It is not clear if Poussin ever visited the region. If he did, it would have most likely been a diversion from the standard route used by travellers from Paris to Italy. Nevertheless, Poussin did produce several works that appear to be linked to the history of Rennes-le-Château. His work ‘Autumn or Grapes from the Promised Land’ from 1662 paints an odd scene, indeed. In an age before genetically manipulated food, two men carry a bunch of giant grapes (pommes bleues, of blue apples fame?) to a Rock in a landscape that closely resembles the small valley we are examining near the stream of the Ruisseau des Couleurs.

The mountain in the background resembles those painted by Poussin in the Shepherds of Arcadia and the Baptism of Jesus. It is thought by some researchers to be the mountain of Blanchefort, others believe it to be the mountain of Cardou. The scene depicted is from the Old Testament, Book of Numbers 13, 23-24. It speaks of Caleb and Joshua scouting the Promised Land and cutting a branch from the vine to take back to Moses to illustrate the fruitfulness of the land, i.e. “flowing with milk and honey”. We noticed that ‘the Vine’ is pronounced ‘Divine’. Could this scene depict two initiates carrying divine fruits, Pommes Bleues perhaps, from the Promised Land to the Rock of The Magdalene?

Arcane Shepherds

Les Bergers d’Arcadie or The Shepherds of Arcadia, more specifically the second version of it, is probably the best known painting by Poussin. It was commissioned as part of two works by Cardinal Camillo Massimi; the twin-tableau being Midas Washing his Face in the River Pactolus. Endless speculations, measurements and interpretations have been made of the second, more classical version of The Shepherds,or Et In Arcadia Ego as it is sometimes called, referring to the inscription on the tomb. The painter, Guercino, is believed to be the source of that phrase, inspired by Virgil’s Eclogues V in which a tomb with an inscription (to Daphnis) is described to be in the ideal landscape of Arcadia in ancient Greece. Today, many believe the inscription to be an anagram due to the fact that the sentence has no verb. The most tantalizing alternative being I Tego Arcana Dei or Begone, or I Conceal the Secrets of God. If you compare the first and the second version of The Shepherds you can see that on the latter one of the men has kneeled as if he or the painter has now realized what the true significance of the phrase on the tomb might be.

Poussin: the twin-tableau of Midas Washing his Face in the River Pactolus and Les Bergers d’Arcadie I, Les Bergers d’Arcadie. © Corjan De Raaf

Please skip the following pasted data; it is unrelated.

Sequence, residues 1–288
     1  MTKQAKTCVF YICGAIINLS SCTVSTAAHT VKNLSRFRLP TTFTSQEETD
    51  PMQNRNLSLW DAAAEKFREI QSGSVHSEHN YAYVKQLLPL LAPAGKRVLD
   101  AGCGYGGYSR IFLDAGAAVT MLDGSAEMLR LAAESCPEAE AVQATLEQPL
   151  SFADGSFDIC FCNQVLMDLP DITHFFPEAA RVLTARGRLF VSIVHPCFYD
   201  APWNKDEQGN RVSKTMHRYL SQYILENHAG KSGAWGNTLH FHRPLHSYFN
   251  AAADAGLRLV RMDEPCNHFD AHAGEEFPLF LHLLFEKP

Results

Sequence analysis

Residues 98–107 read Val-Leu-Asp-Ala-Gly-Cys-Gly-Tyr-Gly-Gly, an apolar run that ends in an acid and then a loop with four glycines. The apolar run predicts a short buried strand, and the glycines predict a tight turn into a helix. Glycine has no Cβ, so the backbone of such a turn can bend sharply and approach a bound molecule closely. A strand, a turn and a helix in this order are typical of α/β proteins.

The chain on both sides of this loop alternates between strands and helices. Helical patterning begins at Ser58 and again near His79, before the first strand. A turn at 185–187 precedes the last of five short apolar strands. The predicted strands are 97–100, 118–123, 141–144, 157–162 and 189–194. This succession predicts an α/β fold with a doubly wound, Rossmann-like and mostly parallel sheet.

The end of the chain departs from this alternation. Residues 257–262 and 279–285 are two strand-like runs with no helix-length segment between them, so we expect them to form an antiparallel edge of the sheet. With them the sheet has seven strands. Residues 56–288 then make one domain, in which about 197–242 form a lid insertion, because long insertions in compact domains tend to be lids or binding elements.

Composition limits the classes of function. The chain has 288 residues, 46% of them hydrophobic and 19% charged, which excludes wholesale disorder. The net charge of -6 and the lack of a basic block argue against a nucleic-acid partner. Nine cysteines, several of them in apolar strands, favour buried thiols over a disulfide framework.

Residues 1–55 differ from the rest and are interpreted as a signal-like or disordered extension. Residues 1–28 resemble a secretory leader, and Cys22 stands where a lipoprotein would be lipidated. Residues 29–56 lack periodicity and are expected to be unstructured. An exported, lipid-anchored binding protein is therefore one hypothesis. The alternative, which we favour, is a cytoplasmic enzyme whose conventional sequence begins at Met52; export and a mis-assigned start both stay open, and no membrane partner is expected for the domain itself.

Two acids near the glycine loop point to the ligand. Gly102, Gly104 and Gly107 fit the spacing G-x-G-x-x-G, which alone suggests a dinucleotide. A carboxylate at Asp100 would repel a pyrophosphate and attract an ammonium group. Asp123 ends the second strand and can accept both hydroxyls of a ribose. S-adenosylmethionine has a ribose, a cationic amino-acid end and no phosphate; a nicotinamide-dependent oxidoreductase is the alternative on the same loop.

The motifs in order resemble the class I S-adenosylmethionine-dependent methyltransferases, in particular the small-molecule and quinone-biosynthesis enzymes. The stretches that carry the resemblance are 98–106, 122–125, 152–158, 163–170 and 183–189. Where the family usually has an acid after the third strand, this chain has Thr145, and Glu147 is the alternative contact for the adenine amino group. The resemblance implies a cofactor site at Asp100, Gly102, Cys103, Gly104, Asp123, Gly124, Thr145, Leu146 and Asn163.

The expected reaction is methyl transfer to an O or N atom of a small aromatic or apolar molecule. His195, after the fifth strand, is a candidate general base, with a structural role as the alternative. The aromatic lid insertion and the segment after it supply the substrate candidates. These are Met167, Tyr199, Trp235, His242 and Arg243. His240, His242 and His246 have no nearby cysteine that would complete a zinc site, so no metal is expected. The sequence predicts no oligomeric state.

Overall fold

Heaps of research has been conducted on the mountainous landscape immediately behind and to the right of the tomb. Although the mountain peaks can be closely mapped to the Rennes-le-Château area, it is next to impossible to say this is Poussin’s landscape with certainty. Poussin however, appears to have used the same mountains on more than one occasion, in work that is traditionally linked to the area. The plot thickens if you see the likeness to the mountains on Van Scorel’s painting, Mary Magdalene.

Did Poussin and Van Scorel paint Cardou, Blanchefort, Bugarach? From left to right: Grapes from the Promised Land, Les Bergers d’Arcadie, Mary Magdalene (Van Scorel), the Baptism of Jesus. © Corjan De Raaf


What the Shepherds said to one another… (Luke 2:15)

Let’s look at the second version of the Poussin painting in some more detail. The woman on the right is standing in the classical pose of a pregnant woman, slightly bended backwards with a hand to support the back of her hip. This tableau could very well be depicting a pregnant woman watching a group of shepherds. The shepherds seem to have discovered a tomb and are struggling to decipher its inscription. They appear to be looking to her for guidance. The kneeled man points at the letters RC from aRCadia, the initials of Rennes-le-Chateau and Ruisseau de Couleurs, the small stream that runs between the Grotto of Mary and the Rock of the Magealene.

Shepherd examining the letters RC, observed by the pregnant shepherdess © Corjan De Raaf


The Grotte of Marry is marked by the big square Rock, placed opposite its entrance. Some 20 yards to the right there is a second grotto with a peculiar triangular entrance. In the grotto, enforcing the effect, there’s a pyramid shaped niche.